A quick note before we get started on Melo: Woj reported today that the Washington Wizards are open to including All-Star guards John Wall and Bradley Beal in trade packages, something that they’ve been hesitant to do in the past.
With Orlando’s hole at point guard, and the unexpected slump of wing Evan Fournier (shooting 42 percent from the floor, his lowest in pinstripes) Wall and Beal could be targets if the the team decides to win now.
Beal would obviously be a better fit, but a steeper price, whereas the price of Wall comes in the form of his personal baggage and insanely high contract. Wall’s extension, which will start next season and pay him an average of $42,336,000 per year over the following four, is an albatross. He may he just the shot in the arm the Magic need to compete in the East, though.
Okay, back to your regularly scheduled programming...
Carmelo Anthony has been through a lot in a very short amount of time.
Fourteen months ago, the smooth-shooting power forward was coming off of an All-Star season with the New York Knicks. He was seeking to escape a toxic situation and restart his career on greener pastures.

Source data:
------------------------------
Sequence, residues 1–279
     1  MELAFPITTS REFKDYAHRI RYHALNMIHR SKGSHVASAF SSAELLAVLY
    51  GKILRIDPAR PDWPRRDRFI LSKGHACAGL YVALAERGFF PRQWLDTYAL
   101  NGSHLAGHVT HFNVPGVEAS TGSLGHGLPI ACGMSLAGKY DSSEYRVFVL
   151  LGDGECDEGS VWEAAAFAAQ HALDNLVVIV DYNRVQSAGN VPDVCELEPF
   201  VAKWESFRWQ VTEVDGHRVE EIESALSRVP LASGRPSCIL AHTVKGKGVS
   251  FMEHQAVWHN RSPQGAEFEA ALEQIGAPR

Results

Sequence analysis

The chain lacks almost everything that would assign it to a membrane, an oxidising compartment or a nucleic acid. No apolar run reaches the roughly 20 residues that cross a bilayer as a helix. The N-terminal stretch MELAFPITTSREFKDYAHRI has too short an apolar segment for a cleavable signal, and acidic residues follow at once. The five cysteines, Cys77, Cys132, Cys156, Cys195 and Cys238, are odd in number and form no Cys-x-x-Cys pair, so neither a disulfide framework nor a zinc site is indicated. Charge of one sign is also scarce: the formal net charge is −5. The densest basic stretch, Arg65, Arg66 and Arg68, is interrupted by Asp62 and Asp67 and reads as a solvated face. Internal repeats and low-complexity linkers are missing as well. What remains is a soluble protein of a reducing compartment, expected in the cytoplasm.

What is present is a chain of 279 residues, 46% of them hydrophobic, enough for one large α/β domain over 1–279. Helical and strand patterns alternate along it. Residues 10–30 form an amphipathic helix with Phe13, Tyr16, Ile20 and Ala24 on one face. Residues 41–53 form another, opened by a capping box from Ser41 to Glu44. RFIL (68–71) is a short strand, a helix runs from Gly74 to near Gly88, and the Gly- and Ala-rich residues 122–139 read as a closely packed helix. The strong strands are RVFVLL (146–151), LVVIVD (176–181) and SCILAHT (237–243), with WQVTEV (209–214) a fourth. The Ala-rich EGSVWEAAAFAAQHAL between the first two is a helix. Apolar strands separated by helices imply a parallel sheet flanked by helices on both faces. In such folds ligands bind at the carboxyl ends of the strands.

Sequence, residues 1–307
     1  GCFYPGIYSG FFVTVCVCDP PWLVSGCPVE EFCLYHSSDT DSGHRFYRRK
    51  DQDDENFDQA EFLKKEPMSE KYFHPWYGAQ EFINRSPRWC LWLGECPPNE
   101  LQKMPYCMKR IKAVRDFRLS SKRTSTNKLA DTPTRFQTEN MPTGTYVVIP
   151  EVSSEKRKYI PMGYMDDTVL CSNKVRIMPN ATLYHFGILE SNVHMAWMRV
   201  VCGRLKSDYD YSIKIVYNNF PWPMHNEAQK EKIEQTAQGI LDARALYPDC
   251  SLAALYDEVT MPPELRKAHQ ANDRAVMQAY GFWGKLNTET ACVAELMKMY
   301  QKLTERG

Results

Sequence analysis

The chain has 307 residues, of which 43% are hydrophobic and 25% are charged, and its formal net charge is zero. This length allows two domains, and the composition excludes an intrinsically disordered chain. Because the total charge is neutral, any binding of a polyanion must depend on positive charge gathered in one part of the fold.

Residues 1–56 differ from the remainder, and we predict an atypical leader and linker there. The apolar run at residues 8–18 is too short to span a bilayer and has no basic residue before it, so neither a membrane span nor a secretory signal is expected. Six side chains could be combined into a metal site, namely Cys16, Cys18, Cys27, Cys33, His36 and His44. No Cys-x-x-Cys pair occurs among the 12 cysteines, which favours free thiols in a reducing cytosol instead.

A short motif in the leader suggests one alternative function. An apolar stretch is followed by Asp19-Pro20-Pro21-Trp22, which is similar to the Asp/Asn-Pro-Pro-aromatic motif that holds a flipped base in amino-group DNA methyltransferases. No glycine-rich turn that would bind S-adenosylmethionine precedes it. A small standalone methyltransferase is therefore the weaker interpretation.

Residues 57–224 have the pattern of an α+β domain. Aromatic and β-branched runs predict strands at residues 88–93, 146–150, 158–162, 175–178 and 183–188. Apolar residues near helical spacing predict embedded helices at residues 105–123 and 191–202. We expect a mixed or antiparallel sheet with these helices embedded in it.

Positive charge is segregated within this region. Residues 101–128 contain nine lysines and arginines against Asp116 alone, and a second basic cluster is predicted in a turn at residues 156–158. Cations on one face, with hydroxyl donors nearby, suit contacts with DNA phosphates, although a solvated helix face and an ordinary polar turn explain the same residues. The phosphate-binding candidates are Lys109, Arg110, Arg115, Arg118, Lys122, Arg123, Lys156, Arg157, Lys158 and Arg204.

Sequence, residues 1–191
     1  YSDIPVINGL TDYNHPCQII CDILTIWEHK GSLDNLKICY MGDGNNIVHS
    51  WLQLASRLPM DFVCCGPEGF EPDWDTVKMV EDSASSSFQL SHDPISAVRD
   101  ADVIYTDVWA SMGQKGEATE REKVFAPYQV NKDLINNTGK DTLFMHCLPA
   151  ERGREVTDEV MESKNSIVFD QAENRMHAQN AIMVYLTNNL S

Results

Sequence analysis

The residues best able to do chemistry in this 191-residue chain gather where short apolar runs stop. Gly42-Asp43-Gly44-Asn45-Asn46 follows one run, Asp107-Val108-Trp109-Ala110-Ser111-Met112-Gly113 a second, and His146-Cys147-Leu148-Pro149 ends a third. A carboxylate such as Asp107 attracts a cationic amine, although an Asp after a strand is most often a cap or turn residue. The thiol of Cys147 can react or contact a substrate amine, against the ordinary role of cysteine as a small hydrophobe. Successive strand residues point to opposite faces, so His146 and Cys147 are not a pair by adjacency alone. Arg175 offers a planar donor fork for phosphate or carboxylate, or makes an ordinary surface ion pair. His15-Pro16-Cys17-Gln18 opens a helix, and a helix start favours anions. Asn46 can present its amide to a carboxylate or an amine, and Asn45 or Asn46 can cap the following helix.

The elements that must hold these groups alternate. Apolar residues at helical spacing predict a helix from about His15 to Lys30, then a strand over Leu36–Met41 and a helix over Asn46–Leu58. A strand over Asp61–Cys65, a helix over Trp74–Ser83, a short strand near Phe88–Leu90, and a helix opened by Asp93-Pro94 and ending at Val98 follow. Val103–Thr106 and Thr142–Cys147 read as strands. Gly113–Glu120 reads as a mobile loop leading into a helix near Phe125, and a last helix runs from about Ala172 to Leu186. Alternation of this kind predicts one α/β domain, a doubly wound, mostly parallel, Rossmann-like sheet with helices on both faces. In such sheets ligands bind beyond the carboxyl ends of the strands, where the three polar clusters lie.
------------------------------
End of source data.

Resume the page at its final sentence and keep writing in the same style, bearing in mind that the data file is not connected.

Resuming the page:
Now, three teams later, Adrian Wojnarowski is reporting that he will be in need of a fourth. After being traded to Oklahoma city last year, and to Houston (through Atlanta) this year, the 16-year veteran will be leaving Houston with only 10 games played.
Melo has been memed into oblivion for his old school style of isolation-heavy play, as well as his old school mentality...
But there may be something left in the tank for a player who is one of the most dominant scorers of his generation.
Anthony won a scoring title in the 2012-13 season, and has amassed career averages of 24 points, 6.5 rebounds and 3 assists on 45 percent shooting, as well as 10 All-Star selections and six All-NBA teams. One of the first examples of the now famous one-and-done college-to-pro route, he is still only 34 years old.
Someone will claim Carmelo Anthony, but buyer beware — he is in the midst of easily the worst season of his career. In Houston, Melo trudged through career lows in points per game (13.4), three-point percentage (32.8), free throw percentage (68), and only his lone season in OKC was worse than his current field goal percentage (40.5).
So, that being said, could a team like the Magic use someone like Melo? The simple answer may be no, but his unique skillset may be helpful to Orlando’s anemic bench, which ranks 18th in the league in scoring and 27th in field goal percentage.
What do you think?
Should the Magic give Melo a shot?
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Whether you are for the Magic signing Melo (or Wall or Beal) or completely against it, join the debate below...